Sudden remembrance of Jacques Prévert’s poems

Remembering Jacques Prévert’s poems that I loved when youngster.

Quel jour sommes-nous
 Nous sommes tous les jours
 Mon amie
 Nous sommes toute la vie
 Mon amour
 Nous nous aimons et nous vivons
 Nous vivons et nous nous aimons
 Et nous ne savons pas ce que c’est que la vie
 Et nous ne savons pas ce que c’est que le jour
 Et nous ne savons pas ce que c’est que l’amour.

What day are we?
 We are every day
 My friend
 We’re the whole of life
 My love
 We love and we live
 We live and we love
 And we don’t really know
 What life is
 And we don’t really know
 What the day is
 And we don’t really know
 What love is
“Poems of Jacques Prévert”, Alastair Campbell. Deep South v.3. n.1. (Autumn 1997)

Of course, a quick glance on the Web fetched quite some nice stuff. For instance this collection of poems from Paroles translated into English by none other than Lawrence Ferlinghetti. Which brings us to a very current one, Pater Noster, which Ferlinghetti himself recited on video.

Our Father who art in heaven
 Stay there
 And we’ll stay here on earth
 Which is sometimes so pretty
 With its mysteries of New York
 And its mysteries of Paris
 Worth as much as that of the Trinity
 With its little canal at Ourcq
 Its great wall of China
 Its river at Morlaix
 Its candy canes
 With its Pacific Ocean
 And its two basins in the Tuileries
 With its good children and bad people
 With all the wonders of the world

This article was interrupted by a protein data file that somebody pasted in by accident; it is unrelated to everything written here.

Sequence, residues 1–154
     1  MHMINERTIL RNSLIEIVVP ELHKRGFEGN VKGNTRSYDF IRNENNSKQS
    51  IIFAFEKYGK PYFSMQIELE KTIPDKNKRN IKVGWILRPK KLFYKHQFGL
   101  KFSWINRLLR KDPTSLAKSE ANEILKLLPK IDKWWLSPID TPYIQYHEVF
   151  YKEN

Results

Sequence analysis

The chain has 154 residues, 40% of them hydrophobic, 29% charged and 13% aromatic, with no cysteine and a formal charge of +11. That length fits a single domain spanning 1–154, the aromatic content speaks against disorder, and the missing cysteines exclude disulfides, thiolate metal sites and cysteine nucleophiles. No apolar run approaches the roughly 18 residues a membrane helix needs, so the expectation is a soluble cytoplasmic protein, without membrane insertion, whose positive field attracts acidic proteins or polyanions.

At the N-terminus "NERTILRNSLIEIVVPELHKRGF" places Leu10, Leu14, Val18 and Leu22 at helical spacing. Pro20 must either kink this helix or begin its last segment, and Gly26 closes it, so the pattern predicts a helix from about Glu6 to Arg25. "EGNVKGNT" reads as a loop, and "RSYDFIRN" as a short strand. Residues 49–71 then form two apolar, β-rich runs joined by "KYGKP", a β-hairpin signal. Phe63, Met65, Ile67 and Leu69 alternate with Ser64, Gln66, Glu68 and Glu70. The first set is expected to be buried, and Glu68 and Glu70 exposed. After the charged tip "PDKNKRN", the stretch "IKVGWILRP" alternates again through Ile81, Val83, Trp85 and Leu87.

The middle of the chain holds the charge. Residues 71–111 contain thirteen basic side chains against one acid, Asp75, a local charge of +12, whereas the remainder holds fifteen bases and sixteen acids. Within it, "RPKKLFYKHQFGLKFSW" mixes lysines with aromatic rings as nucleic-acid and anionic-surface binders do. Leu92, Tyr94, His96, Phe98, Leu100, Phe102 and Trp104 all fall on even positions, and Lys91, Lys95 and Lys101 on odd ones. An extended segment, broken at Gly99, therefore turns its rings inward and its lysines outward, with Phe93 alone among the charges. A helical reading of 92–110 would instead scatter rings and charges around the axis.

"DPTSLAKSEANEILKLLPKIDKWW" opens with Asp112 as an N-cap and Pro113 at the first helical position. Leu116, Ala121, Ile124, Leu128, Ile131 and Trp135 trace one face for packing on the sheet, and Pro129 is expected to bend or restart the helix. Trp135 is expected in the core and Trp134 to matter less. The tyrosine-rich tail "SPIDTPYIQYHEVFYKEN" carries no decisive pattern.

Which are here
 Simply on the earth
 Offered to everyone
 Strewn about
 Wondering at the wonder of themselves
 And daring not avow it
 As a naked pretty girl dares not show herself
 With the world’s outrageous misfortunes
 Which are legion
 With their legionaries
 With their torturers
 With the masters of this world
 The masters with their priests their traitors and their troops
 With the seasons
 With the years
 With the pretty girls and with the old bastards
 With the straw of misery rotting in the steel
 of cannons.
— Jacques Prévert, Paroles. Translated by Lawrence Ferlinghetti. City Lights Books, San Francisco 1958, 1990. Available here:

Ferlinghetti’s own City Light Bookstore in San Francisco posted on Scribd a selection online of poems from Paroles.

Now, Prévert reminds me the French chansonniers: Jacques Brel. Here is the famed Les feuilles mortes (Autumn Leaves) sung by the great Yves Montand and then Jacques Brel singing Ne me quitte pas.

Originally published at Skate of the web.